Once the last stitch of the binding has been sewn, I usually consider my quilt D-O-N-E. However, when a quilt is going to be displayed, it needs a couple more elements added to it — a hanging sleeve and a label. There are different ways to display your quilt, so if you’re entering your quilt in a show be sure to read the guidelines for how that particular show wants you to attach a hanging sleeve. I went ahead and used some more scraps from my quilt to construct this hanging sleeve. I like how it kind of blends into the back, though I don’t always care so much about that since it won’t normally be seen by anyone.
As for the labels, I like to make mine by hand. I include the name of the quilt, my name, my social media handle, my location, and the date the quilt was completed (I just use the month and year). Because I’m not selling my quilts at this point, I’m not too worried about how professional my labels look. I’m kind of digging the homemade vibe they have right now.
One thing you may remember from one of my earlier “Creating a Quilt” posts is that I was planning on calling this quilt “Dear Brooklyn,” as an homage to the Dear Jane quilt pattern. However, as I started actually making the quilt, I realized my quilt really looked nothing like a Dear Jane quilt and instead my blocks looked more like Polaroid snapshots. So one of the last design decisions I made was to change the name to “BK Snaps.”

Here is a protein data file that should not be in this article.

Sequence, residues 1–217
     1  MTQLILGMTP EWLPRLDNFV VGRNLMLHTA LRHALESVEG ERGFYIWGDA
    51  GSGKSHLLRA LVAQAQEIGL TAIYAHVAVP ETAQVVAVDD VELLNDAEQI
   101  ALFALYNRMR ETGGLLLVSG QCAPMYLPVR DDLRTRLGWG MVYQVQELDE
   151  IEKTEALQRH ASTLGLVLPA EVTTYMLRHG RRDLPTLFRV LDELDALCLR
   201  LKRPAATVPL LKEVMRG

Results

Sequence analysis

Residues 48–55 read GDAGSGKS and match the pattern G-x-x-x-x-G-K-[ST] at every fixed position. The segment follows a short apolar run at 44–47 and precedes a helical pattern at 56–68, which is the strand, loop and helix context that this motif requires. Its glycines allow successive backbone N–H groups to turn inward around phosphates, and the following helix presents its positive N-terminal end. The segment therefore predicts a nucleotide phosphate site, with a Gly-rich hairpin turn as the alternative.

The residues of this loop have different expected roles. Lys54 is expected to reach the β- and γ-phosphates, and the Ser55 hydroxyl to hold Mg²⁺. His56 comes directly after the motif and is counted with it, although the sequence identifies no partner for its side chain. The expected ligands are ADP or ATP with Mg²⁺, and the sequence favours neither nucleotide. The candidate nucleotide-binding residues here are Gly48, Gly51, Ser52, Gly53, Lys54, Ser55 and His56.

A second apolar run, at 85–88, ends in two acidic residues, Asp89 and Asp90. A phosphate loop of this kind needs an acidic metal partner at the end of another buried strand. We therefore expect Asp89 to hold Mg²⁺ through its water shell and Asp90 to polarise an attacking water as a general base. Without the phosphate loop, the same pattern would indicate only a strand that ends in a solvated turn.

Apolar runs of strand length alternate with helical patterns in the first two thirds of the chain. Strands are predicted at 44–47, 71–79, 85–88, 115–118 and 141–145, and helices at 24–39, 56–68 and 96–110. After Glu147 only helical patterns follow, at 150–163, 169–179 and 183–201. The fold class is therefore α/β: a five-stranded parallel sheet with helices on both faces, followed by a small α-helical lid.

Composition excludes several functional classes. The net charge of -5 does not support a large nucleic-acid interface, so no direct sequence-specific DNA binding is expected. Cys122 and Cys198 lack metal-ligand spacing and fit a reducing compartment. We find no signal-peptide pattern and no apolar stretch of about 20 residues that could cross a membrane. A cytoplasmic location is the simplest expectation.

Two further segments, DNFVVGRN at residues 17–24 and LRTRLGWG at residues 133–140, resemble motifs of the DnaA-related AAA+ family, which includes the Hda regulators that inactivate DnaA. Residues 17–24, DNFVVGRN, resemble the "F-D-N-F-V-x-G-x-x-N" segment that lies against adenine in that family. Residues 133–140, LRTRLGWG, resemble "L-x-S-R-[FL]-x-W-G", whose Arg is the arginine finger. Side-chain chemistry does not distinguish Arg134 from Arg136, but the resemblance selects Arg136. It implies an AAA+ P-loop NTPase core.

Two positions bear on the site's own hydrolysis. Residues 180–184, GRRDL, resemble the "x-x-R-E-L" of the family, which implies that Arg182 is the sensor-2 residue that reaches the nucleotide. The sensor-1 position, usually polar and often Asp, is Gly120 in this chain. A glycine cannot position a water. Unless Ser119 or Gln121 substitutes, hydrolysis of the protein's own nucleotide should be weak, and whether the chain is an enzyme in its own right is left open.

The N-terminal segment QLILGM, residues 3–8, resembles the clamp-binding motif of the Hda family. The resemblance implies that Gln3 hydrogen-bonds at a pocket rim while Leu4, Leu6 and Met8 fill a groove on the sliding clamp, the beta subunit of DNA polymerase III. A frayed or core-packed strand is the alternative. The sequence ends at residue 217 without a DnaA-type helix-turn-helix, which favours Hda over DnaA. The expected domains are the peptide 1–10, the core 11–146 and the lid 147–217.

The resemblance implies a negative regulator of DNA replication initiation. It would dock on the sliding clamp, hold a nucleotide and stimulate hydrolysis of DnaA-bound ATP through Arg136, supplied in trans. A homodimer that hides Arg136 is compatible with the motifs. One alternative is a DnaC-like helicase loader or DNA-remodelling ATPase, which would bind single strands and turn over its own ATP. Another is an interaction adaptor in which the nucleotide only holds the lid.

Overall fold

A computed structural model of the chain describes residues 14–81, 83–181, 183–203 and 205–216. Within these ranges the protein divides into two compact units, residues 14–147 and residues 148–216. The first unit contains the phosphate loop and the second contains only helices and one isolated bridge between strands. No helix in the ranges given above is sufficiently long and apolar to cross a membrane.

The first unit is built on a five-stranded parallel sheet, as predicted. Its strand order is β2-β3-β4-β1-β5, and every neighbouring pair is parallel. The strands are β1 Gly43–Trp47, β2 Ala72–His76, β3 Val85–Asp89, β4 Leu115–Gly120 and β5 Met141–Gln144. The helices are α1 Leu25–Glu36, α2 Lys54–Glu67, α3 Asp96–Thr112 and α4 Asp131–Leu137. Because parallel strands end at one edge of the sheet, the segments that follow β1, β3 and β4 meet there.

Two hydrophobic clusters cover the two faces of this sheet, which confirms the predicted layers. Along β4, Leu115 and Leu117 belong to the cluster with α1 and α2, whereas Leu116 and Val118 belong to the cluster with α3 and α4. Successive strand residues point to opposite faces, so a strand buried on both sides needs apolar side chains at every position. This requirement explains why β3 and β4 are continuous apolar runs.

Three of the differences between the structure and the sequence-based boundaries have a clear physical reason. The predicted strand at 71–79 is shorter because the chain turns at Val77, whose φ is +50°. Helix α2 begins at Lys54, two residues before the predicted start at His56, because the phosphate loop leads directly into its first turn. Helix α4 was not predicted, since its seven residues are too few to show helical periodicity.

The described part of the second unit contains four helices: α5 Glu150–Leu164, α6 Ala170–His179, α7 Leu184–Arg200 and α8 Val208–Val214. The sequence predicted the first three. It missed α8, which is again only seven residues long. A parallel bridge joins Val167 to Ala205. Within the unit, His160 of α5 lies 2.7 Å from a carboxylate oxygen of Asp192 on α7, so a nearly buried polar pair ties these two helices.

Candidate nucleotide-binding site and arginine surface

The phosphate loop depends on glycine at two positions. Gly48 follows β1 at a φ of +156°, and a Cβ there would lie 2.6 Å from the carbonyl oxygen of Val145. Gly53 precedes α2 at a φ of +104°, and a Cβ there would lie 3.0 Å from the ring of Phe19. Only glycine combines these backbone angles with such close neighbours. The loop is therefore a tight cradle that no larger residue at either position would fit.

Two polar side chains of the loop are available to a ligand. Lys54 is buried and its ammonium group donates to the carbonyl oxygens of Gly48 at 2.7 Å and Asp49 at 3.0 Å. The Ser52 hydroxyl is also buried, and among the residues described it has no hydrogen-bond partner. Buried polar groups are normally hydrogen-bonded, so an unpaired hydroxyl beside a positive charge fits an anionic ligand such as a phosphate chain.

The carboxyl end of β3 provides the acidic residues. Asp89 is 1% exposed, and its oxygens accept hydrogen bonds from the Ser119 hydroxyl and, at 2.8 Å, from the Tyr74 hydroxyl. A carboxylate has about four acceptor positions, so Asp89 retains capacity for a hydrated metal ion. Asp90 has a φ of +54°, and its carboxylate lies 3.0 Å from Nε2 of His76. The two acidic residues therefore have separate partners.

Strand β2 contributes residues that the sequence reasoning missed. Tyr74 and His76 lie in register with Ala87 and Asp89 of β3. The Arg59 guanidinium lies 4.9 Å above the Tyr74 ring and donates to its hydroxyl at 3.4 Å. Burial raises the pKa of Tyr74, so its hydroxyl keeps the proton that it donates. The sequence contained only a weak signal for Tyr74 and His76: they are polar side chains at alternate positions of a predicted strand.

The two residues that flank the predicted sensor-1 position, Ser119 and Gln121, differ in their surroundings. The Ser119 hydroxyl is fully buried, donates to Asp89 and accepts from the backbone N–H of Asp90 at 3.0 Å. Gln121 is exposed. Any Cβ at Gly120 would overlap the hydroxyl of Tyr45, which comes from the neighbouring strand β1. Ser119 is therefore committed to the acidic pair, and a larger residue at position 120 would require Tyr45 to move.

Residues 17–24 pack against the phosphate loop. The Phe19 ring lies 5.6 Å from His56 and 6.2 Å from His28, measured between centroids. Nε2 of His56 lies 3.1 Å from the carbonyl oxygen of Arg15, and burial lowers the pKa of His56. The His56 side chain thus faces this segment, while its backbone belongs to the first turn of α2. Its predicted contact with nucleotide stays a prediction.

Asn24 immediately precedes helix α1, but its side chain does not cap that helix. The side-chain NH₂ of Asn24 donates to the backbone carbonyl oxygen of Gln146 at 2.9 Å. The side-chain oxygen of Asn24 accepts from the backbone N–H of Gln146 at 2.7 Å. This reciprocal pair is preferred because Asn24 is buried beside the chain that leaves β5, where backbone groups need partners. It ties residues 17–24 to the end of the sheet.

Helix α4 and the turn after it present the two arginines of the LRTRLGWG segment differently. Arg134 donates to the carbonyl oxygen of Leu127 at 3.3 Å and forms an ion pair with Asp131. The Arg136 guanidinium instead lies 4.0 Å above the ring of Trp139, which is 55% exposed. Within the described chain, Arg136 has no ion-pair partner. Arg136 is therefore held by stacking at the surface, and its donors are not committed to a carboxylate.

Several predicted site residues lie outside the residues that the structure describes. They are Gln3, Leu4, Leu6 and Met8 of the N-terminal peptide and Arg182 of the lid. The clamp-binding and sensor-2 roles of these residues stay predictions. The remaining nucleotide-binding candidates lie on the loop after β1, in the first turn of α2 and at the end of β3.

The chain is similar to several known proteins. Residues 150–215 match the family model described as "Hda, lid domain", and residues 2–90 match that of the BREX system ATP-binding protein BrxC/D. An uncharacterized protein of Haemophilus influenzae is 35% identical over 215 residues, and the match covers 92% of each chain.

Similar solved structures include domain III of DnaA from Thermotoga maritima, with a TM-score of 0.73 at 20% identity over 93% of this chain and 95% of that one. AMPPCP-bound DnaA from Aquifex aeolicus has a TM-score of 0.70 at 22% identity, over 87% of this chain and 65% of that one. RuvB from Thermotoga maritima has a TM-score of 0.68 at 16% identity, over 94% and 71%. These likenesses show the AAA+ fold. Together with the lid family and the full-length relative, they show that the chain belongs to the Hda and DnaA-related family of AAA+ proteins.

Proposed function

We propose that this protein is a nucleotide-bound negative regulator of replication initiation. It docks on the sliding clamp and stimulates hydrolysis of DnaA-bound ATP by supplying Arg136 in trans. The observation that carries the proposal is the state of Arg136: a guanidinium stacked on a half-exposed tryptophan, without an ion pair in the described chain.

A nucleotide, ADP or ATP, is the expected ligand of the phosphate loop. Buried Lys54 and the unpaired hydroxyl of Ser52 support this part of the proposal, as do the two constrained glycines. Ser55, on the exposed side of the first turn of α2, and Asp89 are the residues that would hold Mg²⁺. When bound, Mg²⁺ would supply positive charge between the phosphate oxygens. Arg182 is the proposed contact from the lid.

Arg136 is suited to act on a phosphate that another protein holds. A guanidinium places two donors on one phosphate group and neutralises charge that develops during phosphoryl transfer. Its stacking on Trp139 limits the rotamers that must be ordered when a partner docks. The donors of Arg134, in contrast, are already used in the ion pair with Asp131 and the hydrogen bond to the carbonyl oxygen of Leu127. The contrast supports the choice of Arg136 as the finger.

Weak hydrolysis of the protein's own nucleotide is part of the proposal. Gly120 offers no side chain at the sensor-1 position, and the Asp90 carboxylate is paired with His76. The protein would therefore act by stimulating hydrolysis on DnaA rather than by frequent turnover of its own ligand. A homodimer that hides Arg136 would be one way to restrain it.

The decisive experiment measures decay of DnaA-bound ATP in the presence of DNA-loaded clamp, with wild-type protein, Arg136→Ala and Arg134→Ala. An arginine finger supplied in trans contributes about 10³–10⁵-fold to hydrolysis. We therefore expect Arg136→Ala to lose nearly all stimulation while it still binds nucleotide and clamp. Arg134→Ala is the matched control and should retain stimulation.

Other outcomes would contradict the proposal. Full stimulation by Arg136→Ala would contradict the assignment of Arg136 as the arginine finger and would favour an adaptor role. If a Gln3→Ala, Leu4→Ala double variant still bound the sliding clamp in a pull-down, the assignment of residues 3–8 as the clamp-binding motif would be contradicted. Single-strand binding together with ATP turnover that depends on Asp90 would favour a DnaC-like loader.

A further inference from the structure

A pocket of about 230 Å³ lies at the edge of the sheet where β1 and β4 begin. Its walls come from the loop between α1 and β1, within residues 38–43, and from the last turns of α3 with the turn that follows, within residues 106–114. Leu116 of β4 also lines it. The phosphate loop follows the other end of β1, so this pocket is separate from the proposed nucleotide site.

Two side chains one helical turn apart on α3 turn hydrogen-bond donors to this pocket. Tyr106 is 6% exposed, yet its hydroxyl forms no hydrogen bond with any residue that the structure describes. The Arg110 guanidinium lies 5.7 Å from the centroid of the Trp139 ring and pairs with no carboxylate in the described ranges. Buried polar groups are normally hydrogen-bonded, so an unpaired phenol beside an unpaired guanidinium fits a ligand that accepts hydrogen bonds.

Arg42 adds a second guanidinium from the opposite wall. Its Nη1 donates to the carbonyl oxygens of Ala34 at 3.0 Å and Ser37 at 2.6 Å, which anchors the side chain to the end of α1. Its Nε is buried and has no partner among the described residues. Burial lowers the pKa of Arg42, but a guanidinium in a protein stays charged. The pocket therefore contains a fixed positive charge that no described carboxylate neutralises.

And now my quilt is officially finished. Huzzah! I really loved the entire process of creating this quilt, and I’m so glad you came along on the journey with me. I’d love to hear about your own quilt-creating process or any sort of creative process you use whenever you’re crafting anything. Please leave comments or questions in the Comment section below, so we can all learn from each other and continue to thrive as a creating community! Happy crafting!!